Impression was used to pour a 2 piece split cast mould. After the stone sets, two parts of split cast were separated and impression along with the tray was removed. Wax was removed. Split cast assembly was assembled and molten wax was poured into the mould through the channel created by removal of wax sprue to obtain the scleral wax pattern. Wax pattern was retrieved and polished. Wax pattern was tried into the patient’s socket( Figure 6) and was modified to achieve satisfactory contours of eyelids. For determining position of the iris, midline of patient’s face was marked. Patient was asked to look straight. Distance from midline to center of the natural eye’s iris was measured and the same distance was marked to the defect side and engraved into the wax pattern. Wax pattern was taken out; wax was scooped from the marked area. Iris was obtained by trimming and modifying a commercially available stock eye with resembling features and positioned with edges properly blending with the wax pattern.

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Figure 5

Self cure acrylic resin handle was attached to the iris with glue and wax pattern was invested in a flask. Dewaxing was done. A thin layer of heat cure clear acrylic resin was spread in and around iris and characterization was done to achieve appearance of patient’s natural eye. Silk fibers were added to stimulate vasculature. Mold was packed with heat cure tooth colored acrylic resin of matching shade and curing was done. Prosthesis was removed, finished and polished,(Figure 6)

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Figure 6

Disinfected, rinsed with sterile saline solution and was inserted in the patient’s eye socket (Figure 7).

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Figure 7

Patient was instructed regarding use and care of prosthesis and insertion & removal of prosthesis. Patient was recalled for follow up after one day, 1 week , 1 month and 3 months.

DISCUSSION

Surgical procedures in the removal of eye can be classified into 3 general categories; evisceration, enucleation and exenteration. Eviscerationn involves removing the contents of the globe, but leaving the sclera and sometimes cornea in place. Enucleation is the surgical removal of the eyeball after the eye muscles and optic nerve have been severed. Excentation is the en block removal of the entire orbit usually involving partial or total removal of the eyelids.6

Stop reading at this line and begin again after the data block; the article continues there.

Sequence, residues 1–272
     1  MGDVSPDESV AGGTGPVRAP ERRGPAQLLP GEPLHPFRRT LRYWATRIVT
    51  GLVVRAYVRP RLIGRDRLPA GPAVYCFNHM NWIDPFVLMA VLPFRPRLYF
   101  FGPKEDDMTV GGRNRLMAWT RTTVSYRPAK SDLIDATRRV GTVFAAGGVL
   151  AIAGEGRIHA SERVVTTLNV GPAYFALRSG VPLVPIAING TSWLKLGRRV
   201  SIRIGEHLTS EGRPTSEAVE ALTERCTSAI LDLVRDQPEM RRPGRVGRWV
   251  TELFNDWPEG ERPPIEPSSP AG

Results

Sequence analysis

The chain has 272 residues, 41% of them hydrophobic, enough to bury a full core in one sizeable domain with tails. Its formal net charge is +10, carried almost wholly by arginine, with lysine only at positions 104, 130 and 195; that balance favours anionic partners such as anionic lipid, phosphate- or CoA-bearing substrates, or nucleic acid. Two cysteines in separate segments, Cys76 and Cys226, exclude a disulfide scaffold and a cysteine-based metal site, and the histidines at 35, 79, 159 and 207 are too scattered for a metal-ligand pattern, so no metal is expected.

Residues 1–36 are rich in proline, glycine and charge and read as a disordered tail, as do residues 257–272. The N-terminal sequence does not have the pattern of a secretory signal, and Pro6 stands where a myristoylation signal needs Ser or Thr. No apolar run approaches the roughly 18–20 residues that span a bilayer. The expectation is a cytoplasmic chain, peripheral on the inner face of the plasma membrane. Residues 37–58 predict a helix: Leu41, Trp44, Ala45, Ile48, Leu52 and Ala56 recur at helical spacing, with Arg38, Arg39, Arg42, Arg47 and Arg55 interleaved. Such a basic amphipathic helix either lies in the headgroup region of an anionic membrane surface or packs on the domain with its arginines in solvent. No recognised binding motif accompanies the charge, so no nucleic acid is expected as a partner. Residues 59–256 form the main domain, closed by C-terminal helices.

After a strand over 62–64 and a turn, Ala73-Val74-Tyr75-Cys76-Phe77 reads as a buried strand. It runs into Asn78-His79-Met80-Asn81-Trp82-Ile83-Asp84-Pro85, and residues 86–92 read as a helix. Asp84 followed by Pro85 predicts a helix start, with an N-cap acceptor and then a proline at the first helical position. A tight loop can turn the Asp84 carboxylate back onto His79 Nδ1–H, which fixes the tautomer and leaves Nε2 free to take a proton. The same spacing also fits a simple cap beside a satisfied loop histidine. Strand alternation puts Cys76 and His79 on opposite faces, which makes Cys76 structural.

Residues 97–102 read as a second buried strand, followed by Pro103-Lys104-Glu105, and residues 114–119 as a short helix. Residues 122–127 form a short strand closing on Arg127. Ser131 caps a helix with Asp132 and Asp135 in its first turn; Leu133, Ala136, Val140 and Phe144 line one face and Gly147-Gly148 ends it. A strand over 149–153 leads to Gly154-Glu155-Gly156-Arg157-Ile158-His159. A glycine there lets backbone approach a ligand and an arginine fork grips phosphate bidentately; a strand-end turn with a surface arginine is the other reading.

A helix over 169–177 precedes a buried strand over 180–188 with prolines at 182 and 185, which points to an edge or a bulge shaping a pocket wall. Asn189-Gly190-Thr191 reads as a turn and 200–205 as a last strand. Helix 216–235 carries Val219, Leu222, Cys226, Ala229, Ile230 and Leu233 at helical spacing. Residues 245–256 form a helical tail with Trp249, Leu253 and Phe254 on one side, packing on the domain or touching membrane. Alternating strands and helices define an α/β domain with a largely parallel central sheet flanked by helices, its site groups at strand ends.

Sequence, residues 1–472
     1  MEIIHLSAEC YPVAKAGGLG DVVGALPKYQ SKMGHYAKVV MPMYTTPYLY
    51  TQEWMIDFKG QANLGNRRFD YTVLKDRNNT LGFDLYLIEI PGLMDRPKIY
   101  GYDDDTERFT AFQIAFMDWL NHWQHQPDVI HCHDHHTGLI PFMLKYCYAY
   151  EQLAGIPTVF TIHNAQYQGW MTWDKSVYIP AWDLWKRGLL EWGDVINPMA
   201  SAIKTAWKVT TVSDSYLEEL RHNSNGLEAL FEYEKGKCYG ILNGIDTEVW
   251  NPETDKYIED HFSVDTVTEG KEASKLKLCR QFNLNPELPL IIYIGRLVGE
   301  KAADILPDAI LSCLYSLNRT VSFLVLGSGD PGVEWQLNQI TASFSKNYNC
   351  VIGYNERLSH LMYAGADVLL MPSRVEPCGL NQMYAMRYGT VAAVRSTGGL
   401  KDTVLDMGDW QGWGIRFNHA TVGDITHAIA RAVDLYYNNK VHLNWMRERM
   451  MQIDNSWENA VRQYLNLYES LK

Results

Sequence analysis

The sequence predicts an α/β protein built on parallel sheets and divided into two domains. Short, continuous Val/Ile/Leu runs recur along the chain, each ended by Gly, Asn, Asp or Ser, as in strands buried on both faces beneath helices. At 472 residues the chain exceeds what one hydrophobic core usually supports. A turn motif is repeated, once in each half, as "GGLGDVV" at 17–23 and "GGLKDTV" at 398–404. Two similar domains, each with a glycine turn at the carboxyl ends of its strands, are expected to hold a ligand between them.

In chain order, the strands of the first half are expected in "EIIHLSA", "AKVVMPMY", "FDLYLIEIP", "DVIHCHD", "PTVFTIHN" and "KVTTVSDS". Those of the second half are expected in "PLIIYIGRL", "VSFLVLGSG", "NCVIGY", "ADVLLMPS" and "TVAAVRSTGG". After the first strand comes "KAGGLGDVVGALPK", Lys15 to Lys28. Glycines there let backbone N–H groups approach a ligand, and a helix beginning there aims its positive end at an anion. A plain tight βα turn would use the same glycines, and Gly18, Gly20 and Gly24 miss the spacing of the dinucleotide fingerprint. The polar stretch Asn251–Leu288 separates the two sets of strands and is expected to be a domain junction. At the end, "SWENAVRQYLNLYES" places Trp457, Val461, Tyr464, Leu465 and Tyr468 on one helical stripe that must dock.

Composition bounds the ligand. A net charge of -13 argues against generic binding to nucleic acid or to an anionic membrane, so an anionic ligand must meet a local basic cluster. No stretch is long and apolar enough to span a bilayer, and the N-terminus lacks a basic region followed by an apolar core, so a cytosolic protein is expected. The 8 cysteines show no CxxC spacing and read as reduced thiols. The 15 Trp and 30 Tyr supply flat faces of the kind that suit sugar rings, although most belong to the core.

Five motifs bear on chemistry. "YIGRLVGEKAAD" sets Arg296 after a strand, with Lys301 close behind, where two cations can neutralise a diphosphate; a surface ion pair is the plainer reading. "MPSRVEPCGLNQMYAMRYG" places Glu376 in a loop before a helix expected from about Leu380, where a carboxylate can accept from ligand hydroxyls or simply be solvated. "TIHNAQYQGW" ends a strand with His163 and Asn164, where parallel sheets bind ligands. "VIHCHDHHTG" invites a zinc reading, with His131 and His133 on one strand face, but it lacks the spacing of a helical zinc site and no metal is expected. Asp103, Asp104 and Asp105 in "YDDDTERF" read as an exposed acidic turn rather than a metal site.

The art of making artificial eyes has been known to man from the days of the early Egyptian and the Peruvian Indian but not until the time of World War II and the development of the refined plastics which came then, has there been the option for a satisfactory esthetic ocular prosthesis.7 Goal of any ocular prosthetic procedure is to return the patient to society with a normal appearance.8 Stock prosthesis require elaborate, time consuming procedures and also lack close fit therefore cannot stimulate eye movement. A properly fitted and acceptable custom ocular prosthesis retains the shape of the defect socket, prevents collapse or loss of shape of the lids, provides proper muscular action of the lids, prevents accumulation of the fluid in the cavity, maintains palpebral opening similar to the natural eye, mimics the coloration and the proportions of the natural eye and has a glaze similar to the natural eye.4 Esthetic and functional outcome of custom prosthesis is always superior to the stock prosthesis

CONCLUSION

Although ocular prosthesis doesn’t provide the vision but makes person more acceptable to the society and help in developing their personality. Custom made ocular prosthesis are more esthetic and provide precise results. The method has provided good results from patient esthetics, acceptance and satisfaction point of view.

REFERENCES

1.  Chalian, VA, Drane JB and Standish SM. Maxillofacial prosthetics:Multidisciplinary practice. Wilkins:Baltimore 294-304 1971

2.  THE GLOSSARY OF PROSTHODONTIC TERMS J Prosthet Dent. 2005 Jul;94(1):10-92

3.  Goiato MC et al. Aesthetic and functional ocular rehabilitation Oral Oncology EXTRA 2005;41:162–164

4.  Taylor TD. Clinical Maxillofacial Prosthetics. Quintessence publishing Co. 2000 233-276

5.  CainJR Custom ocular prosthesis. J Prosthet Dent. 1982;48:690-694

6.  Perman KI, Baylis HI. Evisceration, enucleation and excenteration. Otolaryngol Clin North Am 1988;21:171-82)

7.  Welden RB, Niiranen JV. Ocular prosthesis J Prosthet Dent. 1956;6(2):272-278

8.  BeumerJ Curtis TA and Firtell DN Maxillofacial rehabilitation:Prosthodontics and surgical considerations. CV Mosby:St. Louis 364-371, 1979.